Now a listed building, it was erected in 1900 by the city as a boarding school for Catholic grammar pupils and is today used as a school building for a state-run all-day secondary school. The quadrangle wing abuts the main wing at the rear and contains the school’s own original chapel, with its cross-shaped floorplan. From the late twentieth century, this had been used as an assembly hall with stage area. Since later building work had provided a new assembly hall, the available space was now to be converted into a much-needed extension to the rooms for teaching staff and administration.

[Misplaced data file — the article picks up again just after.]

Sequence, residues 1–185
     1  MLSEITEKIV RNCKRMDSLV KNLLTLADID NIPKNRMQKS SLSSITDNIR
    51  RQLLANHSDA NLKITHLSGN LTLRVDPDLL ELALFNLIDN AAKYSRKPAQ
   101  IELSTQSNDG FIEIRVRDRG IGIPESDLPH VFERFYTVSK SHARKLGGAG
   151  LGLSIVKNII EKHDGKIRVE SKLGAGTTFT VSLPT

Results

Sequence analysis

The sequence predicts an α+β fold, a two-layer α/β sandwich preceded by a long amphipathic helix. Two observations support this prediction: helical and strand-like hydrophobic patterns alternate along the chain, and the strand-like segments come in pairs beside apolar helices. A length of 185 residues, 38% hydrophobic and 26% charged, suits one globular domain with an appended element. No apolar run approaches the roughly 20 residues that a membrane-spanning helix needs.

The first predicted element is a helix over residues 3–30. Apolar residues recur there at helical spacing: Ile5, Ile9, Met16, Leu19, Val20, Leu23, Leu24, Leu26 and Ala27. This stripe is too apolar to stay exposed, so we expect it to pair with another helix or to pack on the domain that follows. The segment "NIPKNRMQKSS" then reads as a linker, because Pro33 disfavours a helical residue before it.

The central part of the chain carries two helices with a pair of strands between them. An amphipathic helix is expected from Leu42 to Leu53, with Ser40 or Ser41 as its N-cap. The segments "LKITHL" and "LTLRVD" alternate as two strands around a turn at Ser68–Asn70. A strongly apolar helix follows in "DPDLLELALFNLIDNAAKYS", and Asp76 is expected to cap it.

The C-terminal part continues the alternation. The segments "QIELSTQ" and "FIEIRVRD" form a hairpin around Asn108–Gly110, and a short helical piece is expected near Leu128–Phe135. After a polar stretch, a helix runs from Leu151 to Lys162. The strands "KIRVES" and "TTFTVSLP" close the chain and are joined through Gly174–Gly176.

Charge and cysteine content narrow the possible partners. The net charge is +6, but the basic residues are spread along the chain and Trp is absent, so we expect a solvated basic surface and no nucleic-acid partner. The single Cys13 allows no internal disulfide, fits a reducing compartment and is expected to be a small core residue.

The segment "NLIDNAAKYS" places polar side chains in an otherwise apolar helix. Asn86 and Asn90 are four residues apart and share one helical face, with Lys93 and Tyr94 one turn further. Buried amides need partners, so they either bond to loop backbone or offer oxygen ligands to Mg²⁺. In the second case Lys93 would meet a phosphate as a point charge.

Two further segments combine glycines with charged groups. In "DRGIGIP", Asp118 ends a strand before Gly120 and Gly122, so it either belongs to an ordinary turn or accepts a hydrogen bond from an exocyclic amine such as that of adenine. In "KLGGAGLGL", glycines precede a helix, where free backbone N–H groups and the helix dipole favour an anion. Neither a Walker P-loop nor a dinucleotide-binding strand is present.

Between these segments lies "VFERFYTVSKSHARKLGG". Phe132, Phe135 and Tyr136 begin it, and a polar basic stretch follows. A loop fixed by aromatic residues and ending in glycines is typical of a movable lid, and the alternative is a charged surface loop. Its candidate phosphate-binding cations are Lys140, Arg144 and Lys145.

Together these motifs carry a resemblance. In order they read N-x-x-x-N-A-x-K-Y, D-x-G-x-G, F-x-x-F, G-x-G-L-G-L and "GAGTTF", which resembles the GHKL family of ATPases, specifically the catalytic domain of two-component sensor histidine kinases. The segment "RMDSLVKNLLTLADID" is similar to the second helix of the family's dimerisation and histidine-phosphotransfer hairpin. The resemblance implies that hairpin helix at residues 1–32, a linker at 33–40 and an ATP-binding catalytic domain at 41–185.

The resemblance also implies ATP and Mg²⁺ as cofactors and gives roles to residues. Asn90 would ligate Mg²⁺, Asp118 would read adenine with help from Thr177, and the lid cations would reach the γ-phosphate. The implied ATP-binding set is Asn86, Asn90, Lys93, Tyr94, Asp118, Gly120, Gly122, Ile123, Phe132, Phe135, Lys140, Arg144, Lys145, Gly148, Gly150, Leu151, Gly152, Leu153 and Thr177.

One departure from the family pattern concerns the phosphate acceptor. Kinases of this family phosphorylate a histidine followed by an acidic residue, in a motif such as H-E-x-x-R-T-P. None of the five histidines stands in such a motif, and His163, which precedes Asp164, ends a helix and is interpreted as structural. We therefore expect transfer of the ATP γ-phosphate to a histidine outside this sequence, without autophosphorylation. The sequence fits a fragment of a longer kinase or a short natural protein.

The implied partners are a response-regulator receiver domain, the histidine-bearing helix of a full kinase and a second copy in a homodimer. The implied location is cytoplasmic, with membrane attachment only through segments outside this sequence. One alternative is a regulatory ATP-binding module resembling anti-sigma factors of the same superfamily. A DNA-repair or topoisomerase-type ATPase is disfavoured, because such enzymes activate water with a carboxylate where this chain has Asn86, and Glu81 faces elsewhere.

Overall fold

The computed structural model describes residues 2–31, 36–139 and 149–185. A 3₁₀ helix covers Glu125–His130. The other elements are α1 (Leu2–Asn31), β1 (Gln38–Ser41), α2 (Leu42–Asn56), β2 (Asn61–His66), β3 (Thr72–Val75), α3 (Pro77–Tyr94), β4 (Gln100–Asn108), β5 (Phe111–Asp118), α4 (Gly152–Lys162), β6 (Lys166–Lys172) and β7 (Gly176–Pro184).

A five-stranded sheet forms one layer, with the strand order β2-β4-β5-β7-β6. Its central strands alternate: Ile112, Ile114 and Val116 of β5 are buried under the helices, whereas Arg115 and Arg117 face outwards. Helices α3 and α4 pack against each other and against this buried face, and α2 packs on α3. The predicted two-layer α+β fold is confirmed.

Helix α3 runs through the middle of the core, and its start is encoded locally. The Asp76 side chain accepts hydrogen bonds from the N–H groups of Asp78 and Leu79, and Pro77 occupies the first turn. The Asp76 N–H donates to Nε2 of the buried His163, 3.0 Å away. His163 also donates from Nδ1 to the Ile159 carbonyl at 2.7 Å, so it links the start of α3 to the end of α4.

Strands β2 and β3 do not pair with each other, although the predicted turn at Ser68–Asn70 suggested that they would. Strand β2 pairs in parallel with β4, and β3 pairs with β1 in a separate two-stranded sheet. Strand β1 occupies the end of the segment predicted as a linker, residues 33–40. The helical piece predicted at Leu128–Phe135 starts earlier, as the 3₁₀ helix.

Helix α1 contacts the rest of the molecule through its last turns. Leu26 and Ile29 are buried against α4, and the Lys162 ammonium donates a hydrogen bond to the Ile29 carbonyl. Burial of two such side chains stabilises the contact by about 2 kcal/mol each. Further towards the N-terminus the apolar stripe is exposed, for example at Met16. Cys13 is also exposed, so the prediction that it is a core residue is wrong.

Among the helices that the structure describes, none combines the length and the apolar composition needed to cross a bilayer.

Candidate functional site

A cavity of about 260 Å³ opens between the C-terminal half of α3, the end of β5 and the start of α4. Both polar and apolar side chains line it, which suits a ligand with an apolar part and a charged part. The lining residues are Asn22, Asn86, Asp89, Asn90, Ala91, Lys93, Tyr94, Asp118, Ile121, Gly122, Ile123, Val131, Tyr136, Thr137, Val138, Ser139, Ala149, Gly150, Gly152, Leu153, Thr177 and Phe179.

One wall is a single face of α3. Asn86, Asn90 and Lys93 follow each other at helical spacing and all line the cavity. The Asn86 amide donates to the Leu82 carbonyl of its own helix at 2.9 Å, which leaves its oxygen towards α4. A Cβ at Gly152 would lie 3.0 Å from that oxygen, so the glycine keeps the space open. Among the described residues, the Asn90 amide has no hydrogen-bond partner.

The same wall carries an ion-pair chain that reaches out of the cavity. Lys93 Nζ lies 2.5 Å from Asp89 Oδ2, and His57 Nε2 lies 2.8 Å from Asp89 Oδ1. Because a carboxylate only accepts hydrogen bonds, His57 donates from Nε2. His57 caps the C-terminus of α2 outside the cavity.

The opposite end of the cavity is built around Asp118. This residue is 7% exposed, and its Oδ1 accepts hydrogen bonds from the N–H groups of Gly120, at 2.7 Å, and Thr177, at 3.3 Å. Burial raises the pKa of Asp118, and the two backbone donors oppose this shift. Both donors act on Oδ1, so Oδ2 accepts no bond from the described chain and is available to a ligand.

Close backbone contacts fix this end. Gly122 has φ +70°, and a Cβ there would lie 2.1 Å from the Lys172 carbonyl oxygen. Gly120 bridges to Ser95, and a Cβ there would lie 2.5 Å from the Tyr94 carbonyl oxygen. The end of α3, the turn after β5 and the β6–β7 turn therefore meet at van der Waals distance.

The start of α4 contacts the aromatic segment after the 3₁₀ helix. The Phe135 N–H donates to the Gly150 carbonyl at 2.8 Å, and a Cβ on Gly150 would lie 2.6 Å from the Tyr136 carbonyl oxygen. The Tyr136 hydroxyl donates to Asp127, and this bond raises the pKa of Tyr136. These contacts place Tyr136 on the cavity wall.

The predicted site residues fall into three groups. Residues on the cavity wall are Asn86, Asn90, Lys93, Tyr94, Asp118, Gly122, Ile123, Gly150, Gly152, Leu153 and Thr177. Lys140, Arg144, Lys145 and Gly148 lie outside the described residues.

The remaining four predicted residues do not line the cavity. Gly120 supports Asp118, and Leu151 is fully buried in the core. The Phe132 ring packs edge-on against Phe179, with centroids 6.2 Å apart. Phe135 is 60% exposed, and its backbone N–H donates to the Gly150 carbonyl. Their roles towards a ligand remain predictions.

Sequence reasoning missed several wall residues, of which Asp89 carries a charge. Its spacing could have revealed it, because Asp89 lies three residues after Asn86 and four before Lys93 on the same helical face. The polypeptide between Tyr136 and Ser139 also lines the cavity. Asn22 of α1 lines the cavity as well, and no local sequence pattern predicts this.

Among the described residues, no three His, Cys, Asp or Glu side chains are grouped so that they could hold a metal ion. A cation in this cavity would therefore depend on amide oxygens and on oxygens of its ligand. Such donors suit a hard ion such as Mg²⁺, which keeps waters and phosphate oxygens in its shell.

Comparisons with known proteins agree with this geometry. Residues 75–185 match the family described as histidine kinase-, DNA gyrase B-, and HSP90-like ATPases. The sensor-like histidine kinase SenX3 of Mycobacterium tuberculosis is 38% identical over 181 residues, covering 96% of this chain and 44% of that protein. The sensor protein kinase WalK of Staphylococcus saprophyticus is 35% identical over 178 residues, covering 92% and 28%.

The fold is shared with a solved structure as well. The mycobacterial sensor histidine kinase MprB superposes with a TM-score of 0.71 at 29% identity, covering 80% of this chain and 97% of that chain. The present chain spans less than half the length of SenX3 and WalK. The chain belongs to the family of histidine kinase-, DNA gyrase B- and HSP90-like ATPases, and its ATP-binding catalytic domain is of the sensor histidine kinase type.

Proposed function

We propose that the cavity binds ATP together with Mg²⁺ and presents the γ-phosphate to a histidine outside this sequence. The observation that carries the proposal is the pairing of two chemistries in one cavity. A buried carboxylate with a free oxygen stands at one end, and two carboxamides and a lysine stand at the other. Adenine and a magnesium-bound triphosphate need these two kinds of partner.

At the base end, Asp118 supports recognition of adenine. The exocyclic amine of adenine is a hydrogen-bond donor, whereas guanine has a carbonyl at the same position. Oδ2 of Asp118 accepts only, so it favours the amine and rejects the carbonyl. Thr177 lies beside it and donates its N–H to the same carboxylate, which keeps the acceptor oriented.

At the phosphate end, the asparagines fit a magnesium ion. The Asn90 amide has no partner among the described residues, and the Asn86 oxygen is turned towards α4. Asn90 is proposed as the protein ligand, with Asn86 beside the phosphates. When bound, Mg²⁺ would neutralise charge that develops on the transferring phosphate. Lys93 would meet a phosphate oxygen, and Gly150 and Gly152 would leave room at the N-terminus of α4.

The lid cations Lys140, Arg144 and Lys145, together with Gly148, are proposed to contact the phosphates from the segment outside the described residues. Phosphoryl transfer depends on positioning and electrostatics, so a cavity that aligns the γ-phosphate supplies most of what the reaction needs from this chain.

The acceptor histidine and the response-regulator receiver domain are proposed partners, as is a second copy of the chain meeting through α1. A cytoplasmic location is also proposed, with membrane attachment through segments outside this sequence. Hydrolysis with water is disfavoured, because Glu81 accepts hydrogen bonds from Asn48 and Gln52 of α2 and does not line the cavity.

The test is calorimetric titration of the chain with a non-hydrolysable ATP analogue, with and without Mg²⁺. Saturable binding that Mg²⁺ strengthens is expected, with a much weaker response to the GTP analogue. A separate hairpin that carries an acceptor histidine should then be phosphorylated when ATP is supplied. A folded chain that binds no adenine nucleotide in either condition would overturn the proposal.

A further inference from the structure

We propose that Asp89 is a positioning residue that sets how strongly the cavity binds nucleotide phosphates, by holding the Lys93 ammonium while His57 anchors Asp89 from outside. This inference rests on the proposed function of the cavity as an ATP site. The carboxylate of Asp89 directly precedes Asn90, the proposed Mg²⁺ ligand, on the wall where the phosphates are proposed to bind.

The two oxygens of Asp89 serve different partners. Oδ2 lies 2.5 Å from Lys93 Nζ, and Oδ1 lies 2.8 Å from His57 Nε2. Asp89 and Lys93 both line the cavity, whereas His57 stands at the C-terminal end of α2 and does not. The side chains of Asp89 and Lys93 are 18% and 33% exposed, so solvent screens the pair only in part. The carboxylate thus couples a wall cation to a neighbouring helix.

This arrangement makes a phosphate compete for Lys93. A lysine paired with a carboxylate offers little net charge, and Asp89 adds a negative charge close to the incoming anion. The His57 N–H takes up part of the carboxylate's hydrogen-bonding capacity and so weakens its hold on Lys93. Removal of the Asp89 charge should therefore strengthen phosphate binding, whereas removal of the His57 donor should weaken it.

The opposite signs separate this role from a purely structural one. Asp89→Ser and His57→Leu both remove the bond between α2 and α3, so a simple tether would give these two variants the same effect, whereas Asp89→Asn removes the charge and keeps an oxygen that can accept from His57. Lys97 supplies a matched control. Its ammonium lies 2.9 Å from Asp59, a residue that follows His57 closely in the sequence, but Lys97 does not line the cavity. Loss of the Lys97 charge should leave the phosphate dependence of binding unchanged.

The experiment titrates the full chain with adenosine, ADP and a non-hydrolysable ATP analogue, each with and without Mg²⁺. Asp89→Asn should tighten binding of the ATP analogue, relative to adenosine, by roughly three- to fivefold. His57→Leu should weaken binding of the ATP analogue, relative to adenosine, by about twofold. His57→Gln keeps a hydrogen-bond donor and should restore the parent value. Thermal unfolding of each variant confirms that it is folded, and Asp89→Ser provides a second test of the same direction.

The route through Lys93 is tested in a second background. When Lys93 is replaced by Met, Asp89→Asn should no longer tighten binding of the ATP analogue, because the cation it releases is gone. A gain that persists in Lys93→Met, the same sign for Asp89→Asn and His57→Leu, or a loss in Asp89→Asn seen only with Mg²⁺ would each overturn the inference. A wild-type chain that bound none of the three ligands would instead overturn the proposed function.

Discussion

The conversion plan stayed true to the school’s listed building status, restoring the chapel space to its former size. So the room can be experienced as a whole, the admin offices have been constructed as an all-glass, single-storey structure in the chapel space, offset from the interior facade.
Here, the free space created provides a communicative, dynamic area and access to the open staircase connecting the storeys. Situated atop the all-glass module is an open gallery, providing working space for teaching staff with a direct staircase connection to the floor above.